Launch day eventually came, which was an efficient process with the help of Gildas, who runs the yard in Lorient. Unfortunately just as I was stepping the mast, a dog fell off the harbour wall and I had to run to its rescue; which required trying to explain, in French, that there was panicking dog in the water to the Capitanery. The dog, Domino, eventually found some rocks and I clambered down to save him! 

Spot the dog

Rescuing Domino! 

Re-stepping the mast 

The next few days where then all about passing the security checks, setting up the rig & finishing off the little jobs on board. I didn’t have much time to focus on the navigation for the race – having to do it late Friday morning and then at 5am on race day – which wasn’t really ideal! Anyway I managed to pull together a sort of road book, but as I can’t afford the navigation software at the moment, I only had ‘Adrena free’ to use; which basically just gives you a yellow splodge for land and some useful bearing lines between waypoints.

The double handed race to Pornichet started with 6am breakfast at the Submarine base, with an 11:00 start planned on Saturday morning. Thick fog blanketed the course, but we managed to get a good start, rounding the first mark of the course in 11th place. It was really exciting to round the top mark with Jonas, Jean-Marie and Tanguy, who I have been training with at Lorient Grand Large.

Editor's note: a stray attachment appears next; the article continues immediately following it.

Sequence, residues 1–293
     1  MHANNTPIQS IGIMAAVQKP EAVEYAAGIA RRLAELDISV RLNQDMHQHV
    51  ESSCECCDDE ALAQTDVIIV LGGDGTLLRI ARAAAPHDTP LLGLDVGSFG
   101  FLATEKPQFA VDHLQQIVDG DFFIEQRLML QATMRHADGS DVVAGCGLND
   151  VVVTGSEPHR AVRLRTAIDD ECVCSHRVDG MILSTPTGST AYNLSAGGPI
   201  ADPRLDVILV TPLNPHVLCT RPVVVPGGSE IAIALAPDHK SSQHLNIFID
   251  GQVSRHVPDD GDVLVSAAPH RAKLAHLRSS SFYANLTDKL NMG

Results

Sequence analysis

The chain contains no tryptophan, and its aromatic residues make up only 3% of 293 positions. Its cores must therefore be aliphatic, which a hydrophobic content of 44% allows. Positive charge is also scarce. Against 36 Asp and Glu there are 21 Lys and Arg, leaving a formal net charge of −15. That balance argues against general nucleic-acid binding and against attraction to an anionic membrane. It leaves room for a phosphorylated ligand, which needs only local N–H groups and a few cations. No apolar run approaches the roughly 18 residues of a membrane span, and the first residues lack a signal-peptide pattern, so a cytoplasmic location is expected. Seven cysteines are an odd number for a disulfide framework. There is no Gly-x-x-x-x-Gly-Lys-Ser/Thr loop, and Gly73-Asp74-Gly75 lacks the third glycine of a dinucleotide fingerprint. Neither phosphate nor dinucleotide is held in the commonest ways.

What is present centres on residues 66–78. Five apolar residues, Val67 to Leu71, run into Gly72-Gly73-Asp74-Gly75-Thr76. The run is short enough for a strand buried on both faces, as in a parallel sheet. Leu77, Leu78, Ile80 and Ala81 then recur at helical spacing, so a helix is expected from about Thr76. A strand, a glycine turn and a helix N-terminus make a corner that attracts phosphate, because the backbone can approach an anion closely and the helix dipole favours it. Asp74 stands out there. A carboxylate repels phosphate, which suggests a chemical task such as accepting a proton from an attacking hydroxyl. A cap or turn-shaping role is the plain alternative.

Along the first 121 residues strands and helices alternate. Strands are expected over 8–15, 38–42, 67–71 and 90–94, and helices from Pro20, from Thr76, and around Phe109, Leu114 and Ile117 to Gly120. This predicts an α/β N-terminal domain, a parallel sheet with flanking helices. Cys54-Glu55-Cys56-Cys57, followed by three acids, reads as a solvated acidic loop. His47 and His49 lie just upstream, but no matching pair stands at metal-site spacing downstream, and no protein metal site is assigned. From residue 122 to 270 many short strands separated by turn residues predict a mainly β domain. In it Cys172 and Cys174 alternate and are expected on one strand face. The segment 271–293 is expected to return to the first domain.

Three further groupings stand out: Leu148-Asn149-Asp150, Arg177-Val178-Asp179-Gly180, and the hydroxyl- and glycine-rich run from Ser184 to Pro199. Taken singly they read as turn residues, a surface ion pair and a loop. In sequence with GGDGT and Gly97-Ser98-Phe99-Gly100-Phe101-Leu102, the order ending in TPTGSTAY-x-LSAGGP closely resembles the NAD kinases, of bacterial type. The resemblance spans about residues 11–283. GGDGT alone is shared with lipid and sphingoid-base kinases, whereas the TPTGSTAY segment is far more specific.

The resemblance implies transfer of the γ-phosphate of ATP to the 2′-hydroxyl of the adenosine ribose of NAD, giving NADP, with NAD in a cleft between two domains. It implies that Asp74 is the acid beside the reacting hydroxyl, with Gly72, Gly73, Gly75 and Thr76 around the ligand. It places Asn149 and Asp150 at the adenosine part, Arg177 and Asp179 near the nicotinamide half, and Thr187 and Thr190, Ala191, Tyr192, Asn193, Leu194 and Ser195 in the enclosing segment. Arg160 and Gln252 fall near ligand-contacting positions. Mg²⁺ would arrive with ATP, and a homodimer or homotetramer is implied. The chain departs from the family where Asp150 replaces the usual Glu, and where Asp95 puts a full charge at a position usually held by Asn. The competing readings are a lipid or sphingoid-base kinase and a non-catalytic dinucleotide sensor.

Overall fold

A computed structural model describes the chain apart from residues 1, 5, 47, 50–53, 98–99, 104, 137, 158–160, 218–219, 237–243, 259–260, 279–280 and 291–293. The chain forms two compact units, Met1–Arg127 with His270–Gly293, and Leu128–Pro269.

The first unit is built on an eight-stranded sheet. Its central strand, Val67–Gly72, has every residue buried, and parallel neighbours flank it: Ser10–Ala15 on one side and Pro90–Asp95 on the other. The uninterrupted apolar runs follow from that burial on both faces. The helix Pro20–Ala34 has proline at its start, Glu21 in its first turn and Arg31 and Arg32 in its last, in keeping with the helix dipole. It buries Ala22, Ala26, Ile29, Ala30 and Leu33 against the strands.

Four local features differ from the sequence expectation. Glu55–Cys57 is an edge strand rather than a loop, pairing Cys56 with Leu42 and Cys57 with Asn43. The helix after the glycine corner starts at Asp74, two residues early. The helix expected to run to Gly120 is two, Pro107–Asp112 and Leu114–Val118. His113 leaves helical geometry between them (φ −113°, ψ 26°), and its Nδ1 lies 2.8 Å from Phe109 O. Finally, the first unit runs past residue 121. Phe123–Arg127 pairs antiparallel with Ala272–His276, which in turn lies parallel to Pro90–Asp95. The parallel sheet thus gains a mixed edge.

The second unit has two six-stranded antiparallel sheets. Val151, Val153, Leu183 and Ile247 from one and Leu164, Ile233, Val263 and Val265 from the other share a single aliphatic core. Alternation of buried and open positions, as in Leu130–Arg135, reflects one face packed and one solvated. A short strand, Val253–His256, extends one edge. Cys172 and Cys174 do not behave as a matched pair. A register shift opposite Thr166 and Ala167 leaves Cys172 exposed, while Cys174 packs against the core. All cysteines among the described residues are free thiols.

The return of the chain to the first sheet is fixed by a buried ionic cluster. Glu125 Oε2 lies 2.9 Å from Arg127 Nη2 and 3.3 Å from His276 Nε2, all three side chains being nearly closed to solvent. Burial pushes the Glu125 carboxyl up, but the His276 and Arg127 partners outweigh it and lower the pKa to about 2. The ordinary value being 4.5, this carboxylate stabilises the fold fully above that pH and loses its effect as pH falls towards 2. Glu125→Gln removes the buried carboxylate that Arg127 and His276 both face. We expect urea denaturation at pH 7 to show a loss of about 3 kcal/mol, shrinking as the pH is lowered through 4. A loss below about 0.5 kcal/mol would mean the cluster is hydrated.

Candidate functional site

Unfortunately during the first beat we were lacking speed, not helped with the vintage 2007 Transat sails that I had up, and we got over taken by a few boats. This was really frustrating! 

Waiting to start 

However making our way along Belle Ille, we pulled back up to 12th place, just as the fog cleared revealing a lot of the fleet to leeward and behind us. Being in the top pack of the fleet was very exciting, I’ve never had such close racing with a fleet of 50 mini’s before – we were still struggling with boat speed but had managed to hold on to some places. At this point it was decision time whether to hoist the genneker or not – we went for it, gained some places but also quite a bit of distance to leeward – being a 2007 genneker mine is pretty huge (the largest of all the boats in the Lorient training group!) – and we dropped to 16th just off Quiberon.